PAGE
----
Beating back the T.V. takeover

Posted: Sep 27, 2006 12:00 AM
Beating back the T.V. takeover

A new study from Nielsen Media Research simultaneously highlights some of this society’s most pressing and intractable problems—and some of our most striking opportunities.

As headlined by the Associated Press, the report indicates “TV’s Taking Over in U.S. Homes” and conveys the disturbing news that for the first time, the average American home now contains more television sets than people. The typical household accommodates only 2.55 people, but 2.73 televisions. An astonishing 50% of all homes boast three or more TV’s, and only 19% contain just one. In 1975, by contrast 57% of households owned only one television, and only 11% contained three or more.

Moreover, all these new television sets in bedrooms, kitchens, bathrooms, saunas and exercise rooms have led to a vast increase in the amount of television each individual regularly views. As recently as 1996, the average citizen watched 3 hours, 59 minutes a day – an already excessive number that increased to a staggering 4 hours, 35 minutes a day in 2005-2006. That represents an increase of some 10% -- or more than four additional hours per week – in just ten years. Robert Thompson, professor of television and pop culture at Syracuse University, expressed amazement at the new figures. “A lot of people thought that as we entered the 21st century, there was only so much TV that people could watch,” he told the New York Times. “And others have said that because of new media, the TV era was somehow over. But TV viewership numbers are going up….”

Those increases proved also most notable among the most vulnerable segments of the population. Teenagers spent 3% more time in the last year watching television while younger children (aged 2 to 11) increased their viewing by 4% -- including a 6% increase during late night. African American children (aged 2 to 11) increased their viewing by a full 10% in the last year, while Hispanic children in the same age group spent a staggering 14% more time with the tube.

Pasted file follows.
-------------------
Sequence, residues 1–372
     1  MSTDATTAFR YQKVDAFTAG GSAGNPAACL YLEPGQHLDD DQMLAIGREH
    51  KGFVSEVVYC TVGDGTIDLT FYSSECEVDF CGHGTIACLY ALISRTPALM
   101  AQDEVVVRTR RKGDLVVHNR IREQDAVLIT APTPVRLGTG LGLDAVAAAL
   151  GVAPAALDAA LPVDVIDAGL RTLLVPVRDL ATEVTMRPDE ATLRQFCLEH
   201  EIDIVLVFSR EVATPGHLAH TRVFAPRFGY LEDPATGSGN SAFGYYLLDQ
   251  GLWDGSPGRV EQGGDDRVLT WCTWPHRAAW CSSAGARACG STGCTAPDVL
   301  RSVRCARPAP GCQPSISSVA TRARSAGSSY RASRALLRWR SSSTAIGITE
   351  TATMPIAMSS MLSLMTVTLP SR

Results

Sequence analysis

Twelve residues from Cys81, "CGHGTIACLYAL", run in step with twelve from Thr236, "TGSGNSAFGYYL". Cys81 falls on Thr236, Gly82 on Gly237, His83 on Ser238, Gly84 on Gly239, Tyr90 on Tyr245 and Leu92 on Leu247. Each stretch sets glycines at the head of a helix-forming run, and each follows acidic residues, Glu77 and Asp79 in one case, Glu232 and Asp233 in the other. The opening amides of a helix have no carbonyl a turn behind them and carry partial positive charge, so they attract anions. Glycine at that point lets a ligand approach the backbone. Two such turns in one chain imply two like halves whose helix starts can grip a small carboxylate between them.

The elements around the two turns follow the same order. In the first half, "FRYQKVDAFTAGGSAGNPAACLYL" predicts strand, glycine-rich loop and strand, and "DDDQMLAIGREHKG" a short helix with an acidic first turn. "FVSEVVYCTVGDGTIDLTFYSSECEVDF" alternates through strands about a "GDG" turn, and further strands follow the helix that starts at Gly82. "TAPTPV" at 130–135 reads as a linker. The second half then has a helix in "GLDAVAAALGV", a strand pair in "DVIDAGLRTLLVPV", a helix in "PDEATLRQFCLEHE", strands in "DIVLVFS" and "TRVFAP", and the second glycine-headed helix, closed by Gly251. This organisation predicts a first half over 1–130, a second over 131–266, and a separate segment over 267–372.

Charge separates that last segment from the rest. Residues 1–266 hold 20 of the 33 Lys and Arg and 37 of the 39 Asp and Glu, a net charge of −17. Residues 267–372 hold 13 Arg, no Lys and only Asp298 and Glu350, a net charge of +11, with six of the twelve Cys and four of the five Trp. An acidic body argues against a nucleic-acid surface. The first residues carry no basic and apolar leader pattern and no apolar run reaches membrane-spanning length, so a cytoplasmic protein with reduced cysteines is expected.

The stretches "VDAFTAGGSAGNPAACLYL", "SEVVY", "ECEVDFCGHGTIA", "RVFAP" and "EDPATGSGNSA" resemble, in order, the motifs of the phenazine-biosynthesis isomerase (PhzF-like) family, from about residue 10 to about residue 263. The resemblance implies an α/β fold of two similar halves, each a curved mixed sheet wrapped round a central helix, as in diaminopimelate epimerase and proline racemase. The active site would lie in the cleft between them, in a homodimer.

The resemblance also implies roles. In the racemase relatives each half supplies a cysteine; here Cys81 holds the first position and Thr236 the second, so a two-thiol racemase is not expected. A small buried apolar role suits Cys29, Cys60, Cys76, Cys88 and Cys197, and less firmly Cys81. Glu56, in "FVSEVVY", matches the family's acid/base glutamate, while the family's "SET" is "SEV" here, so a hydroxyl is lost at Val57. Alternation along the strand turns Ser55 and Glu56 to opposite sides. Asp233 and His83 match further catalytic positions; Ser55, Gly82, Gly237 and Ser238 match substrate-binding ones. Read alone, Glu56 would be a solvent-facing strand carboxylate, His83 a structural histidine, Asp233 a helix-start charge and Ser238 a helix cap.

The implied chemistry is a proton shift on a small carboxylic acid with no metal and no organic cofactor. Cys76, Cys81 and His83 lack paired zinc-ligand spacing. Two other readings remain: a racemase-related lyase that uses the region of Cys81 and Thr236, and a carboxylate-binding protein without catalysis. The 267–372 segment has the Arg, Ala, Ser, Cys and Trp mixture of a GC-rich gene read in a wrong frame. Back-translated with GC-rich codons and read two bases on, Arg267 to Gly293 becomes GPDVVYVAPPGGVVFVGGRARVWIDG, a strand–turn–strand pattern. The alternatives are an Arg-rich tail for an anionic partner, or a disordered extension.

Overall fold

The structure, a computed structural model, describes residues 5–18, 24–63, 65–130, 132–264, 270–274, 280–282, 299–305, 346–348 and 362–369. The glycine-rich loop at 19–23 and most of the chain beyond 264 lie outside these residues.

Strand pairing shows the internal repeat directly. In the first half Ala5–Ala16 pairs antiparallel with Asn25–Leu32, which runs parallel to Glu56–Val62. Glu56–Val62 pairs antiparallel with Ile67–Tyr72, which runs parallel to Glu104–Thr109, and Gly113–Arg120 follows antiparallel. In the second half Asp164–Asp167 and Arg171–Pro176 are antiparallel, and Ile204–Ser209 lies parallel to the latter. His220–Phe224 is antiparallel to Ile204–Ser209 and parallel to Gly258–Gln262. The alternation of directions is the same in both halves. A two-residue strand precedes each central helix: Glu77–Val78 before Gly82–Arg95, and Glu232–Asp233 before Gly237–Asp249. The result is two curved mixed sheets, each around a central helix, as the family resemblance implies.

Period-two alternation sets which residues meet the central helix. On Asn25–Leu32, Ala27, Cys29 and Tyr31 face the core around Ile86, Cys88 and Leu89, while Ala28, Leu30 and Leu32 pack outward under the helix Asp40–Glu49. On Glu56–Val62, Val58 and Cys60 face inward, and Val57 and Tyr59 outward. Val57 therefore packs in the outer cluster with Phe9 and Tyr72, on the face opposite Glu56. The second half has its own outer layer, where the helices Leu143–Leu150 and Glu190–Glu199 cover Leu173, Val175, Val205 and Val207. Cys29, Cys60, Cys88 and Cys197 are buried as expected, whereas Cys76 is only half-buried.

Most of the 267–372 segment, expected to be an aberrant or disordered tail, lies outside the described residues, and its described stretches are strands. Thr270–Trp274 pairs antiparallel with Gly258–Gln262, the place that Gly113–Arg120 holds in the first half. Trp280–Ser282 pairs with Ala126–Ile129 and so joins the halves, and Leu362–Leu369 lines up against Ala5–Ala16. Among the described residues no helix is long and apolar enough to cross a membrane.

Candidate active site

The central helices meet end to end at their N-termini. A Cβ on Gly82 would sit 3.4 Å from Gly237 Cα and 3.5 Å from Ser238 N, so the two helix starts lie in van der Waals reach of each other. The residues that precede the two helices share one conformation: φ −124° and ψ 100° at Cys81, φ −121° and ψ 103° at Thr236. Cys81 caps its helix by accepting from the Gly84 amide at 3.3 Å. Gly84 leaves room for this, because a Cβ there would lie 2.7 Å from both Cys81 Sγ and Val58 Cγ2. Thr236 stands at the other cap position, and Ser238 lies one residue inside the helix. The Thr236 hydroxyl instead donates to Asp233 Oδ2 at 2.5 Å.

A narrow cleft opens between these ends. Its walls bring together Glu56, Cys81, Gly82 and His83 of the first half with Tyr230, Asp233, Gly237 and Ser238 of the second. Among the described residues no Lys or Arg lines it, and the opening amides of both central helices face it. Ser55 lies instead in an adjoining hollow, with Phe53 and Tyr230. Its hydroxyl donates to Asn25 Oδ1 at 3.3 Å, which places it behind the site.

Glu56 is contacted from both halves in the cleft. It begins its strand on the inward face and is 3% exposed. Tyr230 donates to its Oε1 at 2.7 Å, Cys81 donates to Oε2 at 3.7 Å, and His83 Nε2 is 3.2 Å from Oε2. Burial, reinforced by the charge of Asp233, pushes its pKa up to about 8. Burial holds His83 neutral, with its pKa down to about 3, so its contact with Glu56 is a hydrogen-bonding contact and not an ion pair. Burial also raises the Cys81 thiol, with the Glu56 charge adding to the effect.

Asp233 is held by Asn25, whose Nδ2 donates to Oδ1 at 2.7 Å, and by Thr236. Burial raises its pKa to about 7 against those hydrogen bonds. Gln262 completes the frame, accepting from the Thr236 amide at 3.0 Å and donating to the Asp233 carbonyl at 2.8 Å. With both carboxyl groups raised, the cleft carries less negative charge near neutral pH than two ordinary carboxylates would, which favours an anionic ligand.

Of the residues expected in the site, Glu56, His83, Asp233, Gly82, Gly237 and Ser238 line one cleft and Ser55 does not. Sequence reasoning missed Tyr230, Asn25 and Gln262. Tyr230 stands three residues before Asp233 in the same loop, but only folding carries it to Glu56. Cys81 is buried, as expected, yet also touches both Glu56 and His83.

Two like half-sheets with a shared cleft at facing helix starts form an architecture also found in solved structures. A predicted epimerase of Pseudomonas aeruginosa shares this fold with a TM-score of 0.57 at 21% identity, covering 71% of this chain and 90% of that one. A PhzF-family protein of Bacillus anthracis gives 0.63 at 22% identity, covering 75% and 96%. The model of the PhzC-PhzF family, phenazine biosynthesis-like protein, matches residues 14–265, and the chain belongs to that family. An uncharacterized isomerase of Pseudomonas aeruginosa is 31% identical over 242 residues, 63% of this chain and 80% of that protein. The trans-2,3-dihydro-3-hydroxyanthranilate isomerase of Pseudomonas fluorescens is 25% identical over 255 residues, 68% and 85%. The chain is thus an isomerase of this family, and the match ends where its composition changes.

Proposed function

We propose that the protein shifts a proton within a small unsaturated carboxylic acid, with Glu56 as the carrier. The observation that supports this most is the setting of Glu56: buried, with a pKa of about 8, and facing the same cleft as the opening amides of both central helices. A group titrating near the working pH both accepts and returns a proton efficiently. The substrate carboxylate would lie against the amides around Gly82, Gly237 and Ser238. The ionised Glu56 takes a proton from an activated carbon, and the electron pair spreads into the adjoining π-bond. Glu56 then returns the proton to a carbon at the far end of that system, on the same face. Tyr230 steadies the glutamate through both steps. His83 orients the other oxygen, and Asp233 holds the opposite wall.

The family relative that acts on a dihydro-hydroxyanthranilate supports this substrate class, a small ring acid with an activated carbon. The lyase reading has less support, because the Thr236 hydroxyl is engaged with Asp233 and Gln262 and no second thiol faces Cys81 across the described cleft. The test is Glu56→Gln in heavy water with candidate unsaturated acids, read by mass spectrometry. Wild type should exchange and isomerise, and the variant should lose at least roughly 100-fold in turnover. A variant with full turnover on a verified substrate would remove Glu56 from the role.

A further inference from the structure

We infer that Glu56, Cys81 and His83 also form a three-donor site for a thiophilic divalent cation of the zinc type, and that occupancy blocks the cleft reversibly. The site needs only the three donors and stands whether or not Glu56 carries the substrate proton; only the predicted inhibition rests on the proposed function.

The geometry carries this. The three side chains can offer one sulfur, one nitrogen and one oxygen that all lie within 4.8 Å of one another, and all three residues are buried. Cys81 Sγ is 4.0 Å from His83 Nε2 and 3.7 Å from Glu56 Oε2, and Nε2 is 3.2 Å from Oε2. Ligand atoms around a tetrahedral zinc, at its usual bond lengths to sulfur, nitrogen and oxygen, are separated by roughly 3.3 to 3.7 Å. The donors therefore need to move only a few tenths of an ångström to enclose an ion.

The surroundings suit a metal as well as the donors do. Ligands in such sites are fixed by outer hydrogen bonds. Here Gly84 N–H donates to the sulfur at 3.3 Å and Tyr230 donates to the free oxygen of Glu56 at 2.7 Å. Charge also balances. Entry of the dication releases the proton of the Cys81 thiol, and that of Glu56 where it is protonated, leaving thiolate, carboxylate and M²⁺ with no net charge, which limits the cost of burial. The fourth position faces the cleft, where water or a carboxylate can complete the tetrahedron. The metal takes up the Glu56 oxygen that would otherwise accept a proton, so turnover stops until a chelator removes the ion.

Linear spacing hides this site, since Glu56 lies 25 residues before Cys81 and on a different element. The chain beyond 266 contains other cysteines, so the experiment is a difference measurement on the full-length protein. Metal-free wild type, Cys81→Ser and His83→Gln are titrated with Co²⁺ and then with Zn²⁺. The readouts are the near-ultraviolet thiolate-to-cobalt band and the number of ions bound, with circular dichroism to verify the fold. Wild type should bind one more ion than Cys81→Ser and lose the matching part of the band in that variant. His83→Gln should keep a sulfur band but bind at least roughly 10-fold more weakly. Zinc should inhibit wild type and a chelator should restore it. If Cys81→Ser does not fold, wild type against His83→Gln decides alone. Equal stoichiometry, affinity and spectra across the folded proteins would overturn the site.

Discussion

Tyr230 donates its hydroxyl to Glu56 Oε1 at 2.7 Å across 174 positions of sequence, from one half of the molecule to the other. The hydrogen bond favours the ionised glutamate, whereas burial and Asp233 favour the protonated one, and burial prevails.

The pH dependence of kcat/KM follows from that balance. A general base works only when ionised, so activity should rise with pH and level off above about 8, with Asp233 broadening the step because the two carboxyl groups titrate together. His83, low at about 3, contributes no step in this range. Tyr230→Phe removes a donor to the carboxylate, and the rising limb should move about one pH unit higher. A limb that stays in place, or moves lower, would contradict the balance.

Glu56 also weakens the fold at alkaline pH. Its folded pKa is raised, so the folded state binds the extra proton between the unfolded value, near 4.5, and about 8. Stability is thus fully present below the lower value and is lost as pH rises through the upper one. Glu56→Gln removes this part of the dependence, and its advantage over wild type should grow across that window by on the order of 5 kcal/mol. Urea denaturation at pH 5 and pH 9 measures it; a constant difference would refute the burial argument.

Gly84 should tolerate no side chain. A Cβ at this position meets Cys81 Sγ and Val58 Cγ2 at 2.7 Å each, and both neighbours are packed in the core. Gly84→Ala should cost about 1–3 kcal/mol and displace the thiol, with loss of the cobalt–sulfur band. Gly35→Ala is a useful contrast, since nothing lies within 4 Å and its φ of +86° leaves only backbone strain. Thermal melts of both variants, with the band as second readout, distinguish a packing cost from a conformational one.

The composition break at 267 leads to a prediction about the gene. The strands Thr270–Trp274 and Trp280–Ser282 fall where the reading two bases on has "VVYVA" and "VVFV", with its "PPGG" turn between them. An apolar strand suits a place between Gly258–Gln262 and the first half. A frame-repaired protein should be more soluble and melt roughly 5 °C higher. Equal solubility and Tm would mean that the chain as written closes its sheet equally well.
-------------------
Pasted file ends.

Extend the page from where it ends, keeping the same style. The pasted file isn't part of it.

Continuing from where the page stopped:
These figures indicate far deeper problems than harmless time wasting. Numerous recent studies have demonstrated that out-of-control television viewing produces profoundly damaging results in children. Pediatrics magazine (published by the American Academy of Pediatrics) reported on a 2003 study indicating children who watch more than three hours of television a day are 50 per cent more likely to be obese than kids who watch fewer than two hours. These researchers concluded that “more than 60% of overweight incidents can be linked to excess TV viewing.” In April of 2004, a study by Children’s Hospital in Seattle indicated that each hour of television watched per day at ages 1-3 increases the risk of attention problems such as ADHD at age 7 by at least 10%. In other words, children who watch the typical diet of more than four hours per day face 40% more risk of these serious afflictions than the rare (but fortunate) children who watch no television at all.

For adults as well, the soaring levels of television viewing (which don’t even include hours spent on DVD’s, computers, video games and other diversions) cause obvious difficulties. Some of the families profiled by the Associated Press in their coverage of the new figures unwittingly illustrate the downside of television addiction. Rick Melen, a childless facilities manager in Somers, New York, owns three TV sets in the home he shares with his wife – not including a fourth set in the bathroom that broke down and hasn’t been replaced. “It’s really just a matter of where your living takes place, what rooms you spend your time in,” he told AP. The problem, of course, is that “living” in any meaningful sense doesn’t take place while you’re watching the tube. Television viewing degrades communication, creativity, attentiveness, engagement or other significant indicators that you are, in fact, fully alive.

This habitual passivity also interferes in an obvious way with familial relationships. David and Teresa Leon, of Schenectady, New York, proudly described the seven televisions that fulfill the needs of the two of them plus their 4-year-old twins, while they eagerly await the eighth screen they’ve already purchased but haven’t set up yet. “No one ever sits down for more than a few seconds in this house,” the mother explains. “This way you can watch TV while you’re moving from room to room.” In the process, you can also avoid any interaction with the other members of a video-addled family.